What Your Child Will Learn in Preschool

Girls playing with playdough

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The preschool curriculum is basically the entire span of lessons and content that your child will be taught during the course of a preschool education. Depending on the preschool that you choose and the early childhood education philosophy that they follow, your child may explore a wide variety of academic, social, physical, and emotional lessons.

In addition to academics and social skills, many preschools work on critical speech and motor skills. By the time they get to kindergarten, children who participate in preschool should be ready to (for example) speak in full sentences, use a pair of scissors, and kick a ball. In many (but not all) settings, preschools are also able to help children complete their toilet training.

What Is Usually Covered?

Because preschools are not governed by the standards that apply to K-12 education, individual schools and groups of schools have the freedom to teach what they please in the manner they prefer. For example, preschools located in religious institutions may include religious education in their curriculum. Montessori preschools use specific materials and activities to encourage children in hands-on learning. Teachers may vary their educational approaches to suit the needs of individual children in their class.

While preschools don't adhere to educational guidelines, they are intended to prepare students for kindergarten. That means that most good preschools work on these skill areas (among others):

  • letters
  • numbers
  • shapes
  • colors
  • cutting
  • coloring
  • writing letters and numbers
  • sorting objects
  • drawing
  • gluing
  • sharing
  • cooperation
  • taking turns
  • transitioning from one activity to another
  • calendar (the seasons, months of the year, etc.)
  • physical activity (running, jumping, skipping, hopping on one foot, using playground equipment and balls, etc.)

How the Curriculum Is Implemented

Most preschools have a set of goals and a philosophy to which each teacher must adhere. In some cases, teachers follow those general guidelines in an informal way. In many cases, however, teachers must actually complete lesson plans and rubrics for assessing student progress.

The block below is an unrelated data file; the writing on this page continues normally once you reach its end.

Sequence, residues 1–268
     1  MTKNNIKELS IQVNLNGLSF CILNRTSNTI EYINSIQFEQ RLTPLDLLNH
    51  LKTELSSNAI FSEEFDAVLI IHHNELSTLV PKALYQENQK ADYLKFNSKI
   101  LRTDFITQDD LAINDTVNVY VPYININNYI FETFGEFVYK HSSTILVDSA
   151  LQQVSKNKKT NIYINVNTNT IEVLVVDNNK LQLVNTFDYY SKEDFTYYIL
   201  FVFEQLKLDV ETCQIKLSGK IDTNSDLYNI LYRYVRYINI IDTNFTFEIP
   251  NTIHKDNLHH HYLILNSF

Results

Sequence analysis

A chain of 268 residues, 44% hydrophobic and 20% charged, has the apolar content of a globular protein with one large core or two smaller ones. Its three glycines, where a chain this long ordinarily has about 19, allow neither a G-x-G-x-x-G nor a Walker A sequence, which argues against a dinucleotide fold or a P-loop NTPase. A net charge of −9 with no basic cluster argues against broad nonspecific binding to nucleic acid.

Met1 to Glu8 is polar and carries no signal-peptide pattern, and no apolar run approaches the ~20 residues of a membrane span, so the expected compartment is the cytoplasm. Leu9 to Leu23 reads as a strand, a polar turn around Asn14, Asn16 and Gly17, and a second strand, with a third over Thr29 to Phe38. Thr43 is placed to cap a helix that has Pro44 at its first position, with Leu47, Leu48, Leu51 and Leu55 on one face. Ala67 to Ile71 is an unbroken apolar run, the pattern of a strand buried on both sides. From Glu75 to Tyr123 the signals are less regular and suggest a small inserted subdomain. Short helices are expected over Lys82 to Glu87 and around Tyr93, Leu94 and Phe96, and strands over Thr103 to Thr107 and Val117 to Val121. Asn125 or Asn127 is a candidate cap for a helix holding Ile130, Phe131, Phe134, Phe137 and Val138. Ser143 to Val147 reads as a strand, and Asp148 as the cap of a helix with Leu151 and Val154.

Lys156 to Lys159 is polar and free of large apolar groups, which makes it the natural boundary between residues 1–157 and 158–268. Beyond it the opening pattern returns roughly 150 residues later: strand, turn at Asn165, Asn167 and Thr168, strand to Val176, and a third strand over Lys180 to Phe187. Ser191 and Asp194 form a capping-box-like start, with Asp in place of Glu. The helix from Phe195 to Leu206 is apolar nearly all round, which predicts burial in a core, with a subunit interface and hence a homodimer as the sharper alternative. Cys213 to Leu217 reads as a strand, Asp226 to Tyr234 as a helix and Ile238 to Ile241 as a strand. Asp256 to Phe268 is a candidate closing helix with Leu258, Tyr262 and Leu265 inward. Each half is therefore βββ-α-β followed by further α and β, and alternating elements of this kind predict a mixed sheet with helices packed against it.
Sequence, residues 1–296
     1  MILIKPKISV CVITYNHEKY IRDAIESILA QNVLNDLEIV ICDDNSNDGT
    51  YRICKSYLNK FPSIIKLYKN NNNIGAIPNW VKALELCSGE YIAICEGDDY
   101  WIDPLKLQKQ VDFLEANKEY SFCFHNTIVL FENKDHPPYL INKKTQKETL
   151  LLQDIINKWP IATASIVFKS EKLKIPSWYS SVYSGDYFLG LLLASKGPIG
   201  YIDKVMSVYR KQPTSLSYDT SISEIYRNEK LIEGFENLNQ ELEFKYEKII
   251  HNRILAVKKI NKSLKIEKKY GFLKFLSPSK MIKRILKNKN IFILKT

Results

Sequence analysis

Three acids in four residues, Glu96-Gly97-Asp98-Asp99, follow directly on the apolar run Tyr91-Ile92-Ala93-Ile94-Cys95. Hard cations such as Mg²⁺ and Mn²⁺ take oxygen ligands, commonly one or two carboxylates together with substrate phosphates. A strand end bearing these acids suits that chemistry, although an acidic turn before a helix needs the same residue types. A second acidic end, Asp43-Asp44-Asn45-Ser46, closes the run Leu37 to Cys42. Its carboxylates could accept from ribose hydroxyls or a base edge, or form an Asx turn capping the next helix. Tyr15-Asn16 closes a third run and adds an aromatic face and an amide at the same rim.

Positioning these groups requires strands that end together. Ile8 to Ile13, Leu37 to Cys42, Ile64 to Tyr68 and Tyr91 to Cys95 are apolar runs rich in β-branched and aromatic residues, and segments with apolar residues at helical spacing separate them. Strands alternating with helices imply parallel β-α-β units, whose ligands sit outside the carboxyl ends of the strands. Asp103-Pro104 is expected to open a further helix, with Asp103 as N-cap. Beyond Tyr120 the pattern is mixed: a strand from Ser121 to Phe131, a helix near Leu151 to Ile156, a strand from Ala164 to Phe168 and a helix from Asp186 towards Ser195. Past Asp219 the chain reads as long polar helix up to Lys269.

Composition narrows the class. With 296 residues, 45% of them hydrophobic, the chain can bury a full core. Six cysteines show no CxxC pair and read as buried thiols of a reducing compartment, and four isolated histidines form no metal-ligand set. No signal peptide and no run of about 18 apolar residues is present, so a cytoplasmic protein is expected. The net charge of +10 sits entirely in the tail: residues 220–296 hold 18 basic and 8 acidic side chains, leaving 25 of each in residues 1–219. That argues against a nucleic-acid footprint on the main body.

Preschool curricula take into account the length of the preschool day. Many preschools run for only a few hours a day, while others (especially in public school settings) run for much longer days. Some even run longer than a typical school day to cover all the parent's work hours.

During any given day, preschoolers are likely to take part in:

  • specific activities such as circle time, song time, calendar time, active play time, story time, craft time, etc.
  • transitional periods that exist between activities (learning how to walk in a line with peers, learning how to clean up toys and supplies, etc.)
  • special activities not necessarily taught by the primary preschool teacher, but a special teacher such as art, music, library and physical education
  • a preschool curriculum can also encompass homework given to the child to reinforce what was learned in the preschool classroom 
  • any field trips that are designed to enhance a lesson — for example a trip to the post office to learn about mail or a trip to the grocery store to learn about choosing healthy foods
  • special guest speakers who are brought in to provide more details to a lesson (a police officer to talk about safety, or a dentist to talk about teeth care for example)

While it may look like a preschooler is simply playing in the preschool classroom all day, that is not the case (although those kids are most definitely having a lot of fun!). Play is so much more than a child having fun. Play, especially when it involves interacting with other children, teaching young children how to:

  • form friendships
  • take turns
  • learn how to cooperate
  • try out different ways of problem-solving
  • use their imaginations
  • think creatively

Different types of play, including both structured and unstructured, allow for children to practice different skills in different ways.

What to Look for in a Preschool

Preschool curriculum, no matter what the philosophy (Bank Street, Reggio Emilia, High/Scope, etc.) that the preschool your school follows, should promote learning while helping children meet the various language, social, physical, and cognitive goals. In an ideal situation, a quality preschool's curriculum will be taught by certified teachers and be based on the most up-to-date childhood education research.

Depending on the school and the preschool philosophy employed by the preschool, the preschool curriculum can be developed by administrators, teachers, and even parents. If you ever have a question about the curriculum or anything that might be going on at your child's preschool, reach out to the teacher or preschool administrator.

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